As Charlie Baker accelerates toward his re-election season, he may have just flipped on his left blinker. If the strategy he shared with donors in a recent meeting is any indication, his campaign may be an even more cross-partisan affair than his governing has been. The Boston Globe reports that in a meeting of his finance committee, “the governor said he must draw nearly a third of Democrats and almost 60 percent of independents.”
If Baker were to win a third of Democrats, it would be a legitimate political earthquake. That would represent nearly twice as big a share of Democrats as Republicans have gotten in recent contests. The target for Democratic support may have been set high, just like the reported goal of raising a staggering $30 million for the 2018 bid. In 2014, Baker won just 18 percent of Democrats in his winning bid, almost identical to Senator Scott Brown’s 17 percent in his 2010 special election. Win or lose, this tends to be the range competitive Republicans fall into in Massachusetts. Baker, in his unsuccessful 2010 bid for governor, and Gabriel Gomez in his 2013 senate loss to Ed Markey, also earned Democratic support in the mid-teens.
Baker’s target is ambitious, but it makes a certain amount of sense, given his poll numbers. Key to Baker’s consistently strong polling has been the strength of his cross-partisan support. A recent poll from The Novus Group showed Baker is just as popular among Democrats (66 percent favorable) as he is among Republicans (65 percent favorable). This echoes many of our own polls of late, some of which even show Baker doing better among Democrats.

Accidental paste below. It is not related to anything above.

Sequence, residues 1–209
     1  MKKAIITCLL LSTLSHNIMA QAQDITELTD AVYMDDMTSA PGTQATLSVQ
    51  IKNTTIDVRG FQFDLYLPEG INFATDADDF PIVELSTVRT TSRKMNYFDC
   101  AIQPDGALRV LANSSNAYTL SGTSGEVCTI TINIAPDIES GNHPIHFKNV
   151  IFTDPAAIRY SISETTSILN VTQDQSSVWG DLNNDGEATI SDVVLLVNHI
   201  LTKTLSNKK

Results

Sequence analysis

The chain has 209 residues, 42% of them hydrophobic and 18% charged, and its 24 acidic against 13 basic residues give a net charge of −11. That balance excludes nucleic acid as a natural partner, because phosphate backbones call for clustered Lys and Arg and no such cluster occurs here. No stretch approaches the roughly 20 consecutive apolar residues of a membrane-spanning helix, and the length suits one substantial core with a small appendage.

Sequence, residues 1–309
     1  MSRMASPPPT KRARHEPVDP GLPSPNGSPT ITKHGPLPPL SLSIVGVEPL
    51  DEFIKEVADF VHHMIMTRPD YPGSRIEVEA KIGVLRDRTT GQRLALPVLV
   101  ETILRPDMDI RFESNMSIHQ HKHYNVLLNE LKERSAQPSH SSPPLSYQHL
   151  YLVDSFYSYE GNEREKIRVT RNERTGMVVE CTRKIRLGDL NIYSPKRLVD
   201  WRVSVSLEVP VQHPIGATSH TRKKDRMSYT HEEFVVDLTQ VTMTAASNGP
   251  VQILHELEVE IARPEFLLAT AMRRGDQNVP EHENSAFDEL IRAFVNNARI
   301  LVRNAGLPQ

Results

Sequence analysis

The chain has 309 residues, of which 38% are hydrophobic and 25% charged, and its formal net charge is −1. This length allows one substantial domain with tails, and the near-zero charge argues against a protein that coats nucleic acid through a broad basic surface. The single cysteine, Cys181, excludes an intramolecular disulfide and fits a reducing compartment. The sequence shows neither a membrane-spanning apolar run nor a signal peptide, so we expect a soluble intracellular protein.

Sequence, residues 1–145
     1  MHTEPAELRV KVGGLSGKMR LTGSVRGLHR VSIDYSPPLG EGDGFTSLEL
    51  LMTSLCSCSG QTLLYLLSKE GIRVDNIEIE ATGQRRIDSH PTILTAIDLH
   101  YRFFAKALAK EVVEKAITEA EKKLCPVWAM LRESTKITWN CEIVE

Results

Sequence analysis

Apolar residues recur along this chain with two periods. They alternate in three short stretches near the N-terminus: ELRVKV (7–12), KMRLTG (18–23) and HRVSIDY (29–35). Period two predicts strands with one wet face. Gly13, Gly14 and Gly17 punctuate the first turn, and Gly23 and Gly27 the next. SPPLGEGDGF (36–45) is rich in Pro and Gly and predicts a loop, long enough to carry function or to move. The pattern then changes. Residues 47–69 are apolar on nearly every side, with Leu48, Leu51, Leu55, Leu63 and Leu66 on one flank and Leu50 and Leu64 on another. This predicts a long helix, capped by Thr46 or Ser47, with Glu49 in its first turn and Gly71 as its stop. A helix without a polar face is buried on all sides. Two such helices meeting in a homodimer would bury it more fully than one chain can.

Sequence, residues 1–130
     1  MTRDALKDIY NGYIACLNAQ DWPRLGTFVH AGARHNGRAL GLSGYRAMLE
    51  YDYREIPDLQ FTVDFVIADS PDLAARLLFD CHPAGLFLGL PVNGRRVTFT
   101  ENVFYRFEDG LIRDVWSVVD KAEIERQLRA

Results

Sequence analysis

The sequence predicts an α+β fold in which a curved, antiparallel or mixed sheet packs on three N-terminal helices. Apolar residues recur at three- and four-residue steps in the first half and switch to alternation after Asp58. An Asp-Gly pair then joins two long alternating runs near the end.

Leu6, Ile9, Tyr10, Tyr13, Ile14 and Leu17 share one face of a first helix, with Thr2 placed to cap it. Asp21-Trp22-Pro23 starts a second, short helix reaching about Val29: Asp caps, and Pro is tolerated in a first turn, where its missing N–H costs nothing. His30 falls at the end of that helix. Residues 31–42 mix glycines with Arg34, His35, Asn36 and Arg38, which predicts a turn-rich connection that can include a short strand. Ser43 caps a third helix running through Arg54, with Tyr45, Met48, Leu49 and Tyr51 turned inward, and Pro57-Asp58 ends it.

Aiming more toward the center also compensates for Baker’s potential weakness on the right. Among the Massachusetts registered Republicans, Donald Trump is more popular (79 percent favorable) than is Baker. Baker has had a deeply uncomfortable relationship with Trump since the campaign, and has chastised the administration for policies at odds with his own.
Chasing Trump’s core supporters to improve his numbers among Republicans would be perilous for Baker. Just 35 percent of Massachusetts votes approve of Trump’s job performance, so there is relatively little to gain. And seeking to curry favor with Trump’s base would likely cut into the Democratic support Baker currently enjoys. There are more than three times as many registered Democrats as Republicans in Massachusetts. Winning close to a third of Democrats would mean Baker could lose a good chunk of Republican votes and still be successful.
It could be that Baker just wants a comfortable margin and is aiming above where he needs to be. Or it could be he is anticipating losing votes on the right, and needs to make up the difference in the middle. Especially if Baker faces a third party challenge on the right (not unheard of lately), he may need a larger chunk of the Democratic vote than Republicans typically receive.
The Democratic Party, for its part, is not doing much to prevent Baker from siphoning off their voters. In an interview already causing heartburn on the left, House Speaker Robert DeLeo would not commit to voting for the eventual Democratic candidate for governor next year. DeLeo told WBZ-TV’s Jon Keller over the weekend: “I think I want to see exactly who that nominee will be. I still think it’s a little bit early, in terms of thinking about next year’s race. So right now I just wanna see, wait and see attitude.”